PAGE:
November 28, 1930 — “Tarzan at the Earth’s Core” published by Metropolitan Books, New York. Print run of approximately 15–20,000 copies. Wraparound dust-jacket and frontispiece by J. Allen St. John.
Originally published in The Blue Book Magazine from September, 1929 through March, 1930, where the novel carried full color covers and 53 interior illustrations by Frank Hoban, the story takes Tarzan to the inner world of Pellucidar where he meets dinosaurs, giant pterodactyls, a cave bear, snake men, and any number of prehistoric dangers.
After signing the contract with Metropolitan Newspaper Service, in late 1928, for the production and distribution of the “Tarzan of the Apes” daily comic strip, Ed contacted Max Elser, Jr. to see if he would be interested in handling syndication of his novels as well. Metropolitan was well versed in newspaper syndication of fiction, having distributed such authors as Edgar Wallace, Mary Roberts Rinehart, Rafael Sabatini and Sax Rohmer. Ed was also wanting to change publishers since he had failed to negotiate a new contract with A.C. McClurg for a larger percentage of sales. The new contract with Metropolitan gave them the rights not only to syndicate 10 previous Tarzan novels but to “produce, publish and sell four novels or literary works, in which at least two shall be novels in which the principal character is Tarzan.” “Tarzan at the Earth’s Core” was the third of those books, the first and second being “Tarzan and the Lost Empire” (1929) and “Tanar of Pellucidar” (1930).
Burroughs had not been particularly happy with the figures on Paul Berdanier’s jacket for “Tanar” and had strongly suggested that Elser should engage J. Allen St. John for the next book. In a letter dated June 17, 1930, Ed says, concerning St. John, “There is a finish and dignity to his work that adds a great deal to the appearance of a volume and he has done so much of my work that i believe that he is better qualified than any other artist that you could find.” Elser replied that they would ask St. John to supply the art for TEC.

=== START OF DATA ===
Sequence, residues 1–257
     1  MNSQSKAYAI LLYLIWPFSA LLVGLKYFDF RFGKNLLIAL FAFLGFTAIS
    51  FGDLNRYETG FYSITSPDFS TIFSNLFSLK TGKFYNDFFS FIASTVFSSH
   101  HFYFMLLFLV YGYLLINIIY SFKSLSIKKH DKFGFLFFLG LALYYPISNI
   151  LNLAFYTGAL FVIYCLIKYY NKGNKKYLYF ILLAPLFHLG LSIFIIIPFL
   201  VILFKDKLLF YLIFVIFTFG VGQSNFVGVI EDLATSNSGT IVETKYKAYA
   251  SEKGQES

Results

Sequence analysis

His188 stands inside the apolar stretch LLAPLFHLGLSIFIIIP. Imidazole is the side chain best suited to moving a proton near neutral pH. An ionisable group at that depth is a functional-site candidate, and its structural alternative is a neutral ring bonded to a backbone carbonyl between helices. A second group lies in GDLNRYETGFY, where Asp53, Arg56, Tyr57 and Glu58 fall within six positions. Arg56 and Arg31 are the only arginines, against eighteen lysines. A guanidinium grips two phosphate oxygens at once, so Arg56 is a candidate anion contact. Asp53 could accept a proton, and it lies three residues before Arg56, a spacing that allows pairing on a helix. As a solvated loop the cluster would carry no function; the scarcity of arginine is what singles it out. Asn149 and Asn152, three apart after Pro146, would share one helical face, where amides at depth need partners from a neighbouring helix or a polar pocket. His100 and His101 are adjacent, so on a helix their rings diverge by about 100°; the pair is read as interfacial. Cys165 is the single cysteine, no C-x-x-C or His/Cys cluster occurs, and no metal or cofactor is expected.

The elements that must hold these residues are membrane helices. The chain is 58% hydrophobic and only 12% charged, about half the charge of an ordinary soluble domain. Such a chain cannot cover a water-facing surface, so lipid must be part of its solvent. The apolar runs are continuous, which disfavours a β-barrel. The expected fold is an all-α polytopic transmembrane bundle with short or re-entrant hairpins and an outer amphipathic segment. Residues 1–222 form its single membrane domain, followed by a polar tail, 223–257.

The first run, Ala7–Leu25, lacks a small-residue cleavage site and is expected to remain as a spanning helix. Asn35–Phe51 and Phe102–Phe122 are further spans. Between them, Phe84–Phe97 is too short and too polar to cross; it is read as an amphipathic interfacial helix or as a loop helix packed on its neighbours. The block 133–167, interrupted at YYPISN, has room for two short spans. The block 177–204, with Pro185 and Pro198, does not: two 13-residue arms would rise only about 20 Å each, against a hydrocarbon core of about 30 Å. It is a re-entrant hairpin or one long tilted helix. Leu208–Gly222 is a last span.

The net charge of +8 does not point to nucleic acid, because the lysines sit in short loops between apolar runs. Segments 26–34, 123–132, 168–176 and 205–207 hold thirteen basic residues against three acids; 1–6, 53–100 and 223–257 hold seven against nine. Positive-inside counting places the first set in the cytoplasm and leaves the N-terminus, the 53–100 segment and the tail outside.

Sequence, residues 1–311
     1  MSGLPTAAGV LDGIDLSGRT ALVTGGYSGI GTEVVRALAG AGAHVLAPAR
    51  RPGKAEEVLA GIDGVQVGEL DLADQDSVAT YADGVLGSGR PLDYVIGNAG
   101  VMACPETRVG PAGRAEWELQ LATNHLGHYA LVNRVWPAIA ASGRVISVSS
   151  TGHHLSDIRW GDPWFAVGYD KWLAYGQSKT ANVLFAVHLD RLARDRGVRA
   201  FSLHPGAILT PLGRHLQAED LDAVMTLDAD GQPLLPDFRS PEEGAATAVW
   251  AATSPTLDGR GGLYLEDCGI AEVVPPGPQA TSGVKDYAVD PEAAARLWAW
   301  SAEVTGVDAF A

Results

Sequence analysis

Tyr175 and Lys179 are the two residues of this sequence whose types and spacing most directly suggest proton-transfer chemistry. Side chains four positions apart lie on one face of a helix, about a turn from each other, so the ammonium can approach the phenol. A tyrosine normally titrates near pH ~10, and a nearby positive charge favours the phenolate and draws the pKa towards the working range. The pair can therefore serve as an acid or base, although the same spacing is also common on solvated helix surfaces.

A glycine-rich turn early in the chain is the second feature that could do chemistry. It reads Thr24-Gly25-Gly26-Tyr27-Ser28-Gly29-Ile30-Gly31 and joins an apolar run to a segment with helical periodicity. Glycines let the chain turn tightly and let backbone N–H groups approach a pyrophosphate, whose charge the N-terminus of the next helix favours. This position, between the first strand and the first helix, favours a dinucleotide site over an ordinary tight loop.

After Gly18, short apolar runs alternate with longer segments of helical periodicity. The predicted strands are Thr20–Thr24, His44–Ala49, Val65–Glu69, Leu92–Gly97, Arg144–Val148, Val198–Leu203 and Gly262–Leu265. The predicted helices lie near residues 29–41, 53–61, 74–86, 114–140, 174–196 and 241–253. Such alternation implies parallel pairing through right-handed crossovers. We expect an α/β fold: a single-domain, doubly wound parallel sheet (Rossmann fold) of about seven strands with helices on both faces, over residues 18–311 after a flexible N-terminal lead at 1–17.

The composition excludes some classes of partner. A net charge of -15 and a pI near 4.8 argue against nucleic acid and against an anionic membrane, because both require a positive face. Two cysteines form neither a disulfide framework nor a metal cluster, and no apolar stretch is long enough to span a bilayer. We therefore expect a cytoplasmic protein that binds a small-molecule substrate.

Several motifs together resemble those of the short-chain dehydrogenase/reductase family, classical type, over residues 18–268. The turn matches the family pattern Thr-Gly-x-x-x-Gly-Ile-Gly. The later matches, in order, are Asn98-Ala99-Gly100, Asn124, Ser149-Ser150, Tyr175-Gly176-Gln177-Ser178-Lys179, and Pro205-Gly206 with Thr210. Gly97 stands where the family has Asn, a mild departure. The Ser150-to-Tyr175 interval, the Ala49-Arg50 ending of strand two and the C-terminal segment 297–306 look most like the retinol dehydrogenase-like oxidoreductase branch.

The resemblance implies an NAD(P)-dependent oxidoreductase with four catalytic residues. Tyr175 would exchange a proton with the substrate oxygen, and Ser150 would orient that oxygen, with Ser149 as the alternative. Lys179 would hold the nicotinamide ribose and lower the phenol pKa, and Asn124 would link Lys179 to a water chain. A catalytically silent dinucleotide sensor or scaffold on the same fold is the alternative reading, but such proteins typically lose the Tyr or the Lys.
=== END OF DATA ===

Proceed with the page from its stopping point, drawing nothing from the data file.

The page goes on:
St. John agreed, in early August, to do the art but on August 27 Elser wrote Burroughs that, “St. John has proved slow in getting out his work on the frontispiece and jacket …” and that there would be no time to submit sketches or roughs for his approval. St. John was teaching at Chicago Art Institute at the time, as well as continuing to solicit illustration work. The stock market crash in October the previous year had put a dent in the book trade and he had done only three jackets for A.C. McClurg westerns in 1930. His usual charge for wraparound full color art was $175 and $75 for the frontispiece, done in black and white oils. Title lettering was extra at $50 when painted on the cover art and $25 if inked on a separate sheet to be added later in the stripping process. That would have been $275 for this job, but Metropolitan only paid him $250 which means that he threw in the separate lettering for free. A sacrifice considering that this jacket front contains more hand-lettered promotional copy than any other Burroughs book previous.